Alternatives To Bottles
Many mothers use bottles to feed either expressed breast milk (EBM) or artificial breast milk substitute (ABM) to their babies. When a baby is not directly breastfeeding, usually the most often considered option is always a bottle. It is important to know that there are other alternatives available to feed the baby.
Risks of Bottle – Feeding:
Bottle feeding comes with its own risks like nipple confusion, bottle preference, overfeeding, less than optimal jaw development, dental issues, speech impairment etc to name a few. Weaning off bottles is another task in itself which has proven to be quite challenging for many mothers.
Image created by Sangeeta A ShenoyThere are many alternatives available through which a baby can be offered EBM/ABM. Let’s consider them individually.
- Open cups – Babies can drink from small open cups. It takes a little bit of getting used to, but most feeding methods (including breastfeeding sometimes) takes a little bit of practice. The ideal size of the cup is small with a capacity of 1-2 oz (30-60 ml). Babies don’t drink from a cup like adults by gulping it down, They lap it up like kittens. Individual experiences of doctors and mothers show that even preterm babies born at 32 weeks gestational age can drink from a cup. Steps to feed a baby from an open cup –
- Have the baby in an upright position in your lap. A lot of mothers find it easier to keep the baby seated sideways in the lap. Baby’s neck should be well supported.
- Bring the cup to the baby’s mouth, place the rim of the cup on the baby’s lower lip and tilt it a bit to let the milk (EBM/ABM) just touch the baby’s lips.
- Wait for the baby to start lapping it up. Baby herself will decide the speed and rhythm that’s comfortable for her.
- Never pour the milk into the baby’s mouth as it can be a choking hazard. Just ensure that the cup is tilted enough for the milk to just touch the baby’s lips.
- When the baby pauses while drinking, patiently wait, without removing the cup from her lips.
- Keep the baby in an upright position. Sideways in the lap is most comfortable. Baby’s neck should be well supported.
- Bring the paladai to the baby’s mouth and tilt the paladai enough for the milk to touch the baby’s lips.
- Baby will slowly start pouting in order to accommodate the shape of paladai and will start drinking from it.
- Do not insert the spout into the baby’s mouth and let the baby decide the speed of drinking.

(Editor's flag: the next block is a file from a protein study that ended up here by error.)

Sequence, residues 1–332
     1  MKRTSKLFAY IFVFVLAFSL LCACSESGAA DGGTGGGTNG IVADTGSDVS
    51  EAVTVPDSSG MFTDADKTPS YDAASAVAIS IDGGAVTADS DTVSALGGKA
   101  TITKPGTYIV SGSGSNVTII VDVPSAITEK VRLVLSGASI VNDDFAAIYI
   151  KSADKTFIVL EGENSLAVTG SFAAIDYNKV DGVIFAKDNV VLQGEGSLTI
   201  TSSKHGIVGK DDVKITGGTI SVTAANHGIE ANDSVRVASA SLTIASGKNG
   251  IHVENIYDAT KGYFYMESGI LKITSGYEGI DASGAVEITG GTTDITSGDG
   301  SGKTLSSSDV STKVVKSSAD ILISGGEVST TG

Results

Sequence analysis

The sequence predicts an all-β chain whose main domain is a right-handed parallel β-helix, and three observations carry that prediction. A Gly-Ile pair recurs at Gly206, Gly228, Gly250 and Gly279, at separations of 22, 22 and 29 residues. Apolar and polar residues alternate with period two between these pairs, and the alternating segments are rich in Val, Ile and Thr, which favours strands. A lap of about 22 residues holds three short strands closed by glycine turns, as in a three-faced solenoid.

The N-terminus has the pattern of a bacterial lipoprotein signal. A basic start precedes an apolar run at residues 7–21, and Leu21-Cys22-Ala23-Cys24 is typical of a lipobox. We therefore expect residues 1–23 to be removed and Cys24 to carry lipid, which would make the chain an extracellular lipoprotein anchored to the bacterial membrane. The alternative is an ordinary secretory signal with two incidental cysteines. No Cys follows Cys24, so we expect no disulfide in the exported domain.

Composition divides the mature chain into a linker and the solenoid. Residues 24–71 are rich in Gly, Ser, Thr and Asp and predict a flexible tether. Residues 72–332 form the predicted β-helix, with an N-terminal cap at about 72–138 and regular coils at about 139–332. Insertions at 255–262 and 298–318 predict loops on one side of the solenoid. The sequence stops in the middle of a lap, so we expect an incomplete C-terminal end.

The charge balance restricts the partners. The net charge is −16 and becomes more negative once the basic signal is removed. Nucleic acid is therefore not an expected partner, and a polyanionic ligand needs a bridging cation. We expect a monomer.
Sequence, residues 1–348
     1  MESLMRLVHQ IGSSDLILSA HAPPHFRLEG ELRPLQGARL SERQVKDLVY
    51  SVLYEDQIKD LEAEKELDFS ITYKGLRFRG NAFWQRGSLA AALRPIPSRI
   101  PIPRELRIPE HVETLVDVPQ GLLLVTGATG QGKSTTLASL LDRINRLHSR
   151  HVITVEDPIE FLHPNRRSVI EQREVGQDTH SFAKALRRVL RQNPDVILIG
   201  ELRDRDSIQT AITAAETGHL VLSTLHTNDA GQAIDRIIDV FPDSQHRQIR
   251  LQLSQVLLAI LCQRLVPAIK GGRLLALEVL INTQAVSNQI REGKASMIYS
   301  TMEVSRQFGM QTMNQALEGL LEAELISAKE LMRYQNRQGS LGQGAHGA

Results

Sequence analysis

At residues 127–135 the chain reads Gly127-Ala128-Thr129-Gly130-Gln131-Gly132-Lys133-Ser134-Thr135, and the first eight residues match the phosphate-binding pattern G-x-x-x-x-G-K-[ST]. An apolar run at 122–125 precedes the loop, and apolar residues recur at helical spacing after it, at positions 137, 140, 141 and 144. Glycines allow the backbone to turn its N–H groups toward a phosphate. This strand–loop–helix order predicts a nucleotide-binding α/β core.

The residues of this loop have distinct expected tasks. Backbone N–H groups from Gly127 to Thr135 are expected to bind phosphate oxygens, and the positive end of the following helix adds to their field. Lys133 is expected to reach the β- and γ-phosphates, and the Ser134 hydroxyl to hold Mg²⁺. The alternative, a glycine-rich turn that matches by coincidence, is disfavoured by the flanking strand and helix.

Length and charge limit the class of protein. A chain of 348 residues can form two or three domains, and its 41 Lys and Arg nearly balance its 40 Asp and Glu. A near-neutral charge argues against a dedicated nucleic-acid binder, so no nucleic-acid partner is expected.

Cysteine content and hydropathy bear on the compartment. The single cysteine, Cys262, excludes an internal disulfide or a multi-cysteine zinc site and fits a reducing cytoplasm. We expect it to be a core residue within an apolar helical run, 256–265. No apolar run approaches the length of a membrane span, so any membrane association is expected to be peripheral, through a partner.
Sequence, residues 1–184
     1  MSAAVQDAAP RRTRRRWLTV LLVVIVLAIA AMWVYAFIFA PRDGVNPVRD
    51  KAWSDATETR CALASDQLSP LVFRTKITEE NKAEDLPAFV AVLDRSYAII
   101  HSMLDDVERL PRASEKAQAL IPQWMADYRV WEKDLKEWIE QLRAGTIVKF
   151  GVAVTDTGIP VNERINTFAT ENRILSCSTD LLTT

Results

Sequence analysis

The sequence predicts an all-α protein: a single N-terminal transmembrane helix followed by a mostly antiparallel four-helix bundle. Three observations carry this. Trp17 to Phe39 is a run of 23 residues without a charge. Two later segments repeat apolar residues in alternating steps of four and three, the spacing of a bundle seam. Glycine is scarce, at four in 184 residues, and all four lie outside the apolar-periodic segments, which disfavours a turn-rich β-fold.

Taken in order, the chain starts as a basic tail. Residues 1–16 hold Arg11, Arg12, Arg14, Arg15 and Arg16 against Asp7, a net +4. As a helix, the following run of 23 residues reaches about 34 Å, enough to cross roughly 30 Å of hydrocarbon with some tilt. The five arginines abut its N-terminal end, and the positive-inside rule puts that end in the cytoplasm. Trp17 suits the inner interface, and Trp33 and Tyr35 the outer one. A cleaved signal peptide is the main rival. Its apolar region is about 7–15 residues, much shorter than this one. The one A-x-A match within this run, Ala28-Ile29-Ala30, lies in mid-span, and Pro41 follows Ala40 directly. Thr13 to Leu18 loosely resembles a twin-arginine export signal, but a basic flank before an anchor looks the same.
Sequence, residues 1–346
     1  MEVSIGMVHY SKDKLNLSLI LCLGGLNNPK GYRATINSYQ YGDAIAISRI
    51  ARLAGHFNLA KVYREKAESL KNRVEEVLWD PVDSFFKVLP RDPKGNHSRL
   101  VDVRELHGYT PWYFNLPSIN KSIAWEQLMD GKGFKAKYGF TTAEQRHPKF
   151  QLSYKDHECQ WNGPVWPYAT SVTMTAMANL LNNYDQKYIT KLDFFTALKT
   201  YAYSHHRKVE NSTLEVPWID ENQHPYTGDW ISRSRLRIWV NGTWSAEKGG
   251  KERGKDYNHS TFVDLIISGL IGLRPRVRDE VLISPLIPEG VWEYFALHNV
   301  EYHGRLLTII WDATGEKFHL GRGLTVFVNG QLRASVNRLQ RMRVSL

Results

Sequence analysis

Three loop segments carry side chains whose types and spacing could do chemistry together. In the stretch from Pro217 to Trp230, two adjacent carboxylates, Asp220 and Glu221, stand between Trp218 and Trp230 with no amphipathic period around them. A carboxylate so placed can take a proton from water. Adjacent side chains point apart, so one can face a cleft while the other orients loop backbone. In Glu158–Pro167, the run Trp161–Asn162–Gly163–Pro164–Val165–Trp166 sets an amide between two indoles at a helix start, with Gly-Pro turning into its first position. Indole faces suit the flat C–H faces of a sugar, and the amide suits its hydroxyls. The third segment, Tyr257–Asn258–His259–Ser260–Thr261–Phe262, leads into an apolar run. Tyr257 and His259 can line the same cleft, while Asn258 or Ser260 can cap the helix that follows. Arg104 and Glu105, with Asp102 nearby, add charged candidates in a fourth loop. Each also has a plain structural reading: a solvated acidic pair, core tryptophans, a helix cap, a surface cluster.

- Keep the baby in an upright position, sideways in the lap; supporting the baby’s neck with one palm.
- Fill a spoon full of milk and bring it to the baby’s mouth and place the tip of the spoon on the baby’s lower lip.
- Baby will start lapping it up and drinking at her own speed. Keep the spoon at the lower lip of the baby and keep tilting it so as to keep the milk in the spoon touching the baby’s lip.
- Do not pour milk into the baby’s moth.
- Fill the spoon immediately each time to try and not break the flow of feeding for the baby.
- Fill the syringe with milk.
- Bring it to the baby’s mouth and insert just the tip in the baby’s mouth.
- As the baby pouts to accommodate the tip of the syringe in her mouth, press the plunger to release the milk into the baby’s mouth. It should be done slowly.
- Keep looking at the baby and respond to her cues. Pause when the baby pauses to swallow. Then release some milk again.
- Fill the dropper with milk.
- Insert the dropper into the baby’s mouth a bit.
- When the baby is ready to drink, press the dropper to release the milk from it.
- Since the dropper only holds about 1 ml of milk, sometimes, it can be inserted into the baby’s mouth and the milk can be released from it as the dropper touches the inner cheek wall.
- SNS at breast – here, the tube is taped onto the mother’s breast and it is inserted into the baby’s mouth at the nipple when the baby latches onto the breast. So, when the baby suckles, she is actually drinking the top milk coming to her from the tube. This method works wonders in cases where the mother is working on her supply as her breasts are getting stimulated as well.
- SNS with finger feeding – here, the tube is taped onto the caregiver’s clean finger. The finger is inserted into the baby’s mouth along with the tube. When the baby sucks, she gets the milk from the tube. This method is helpful for non-lactating single parents, transgender parents and/or other caregivers.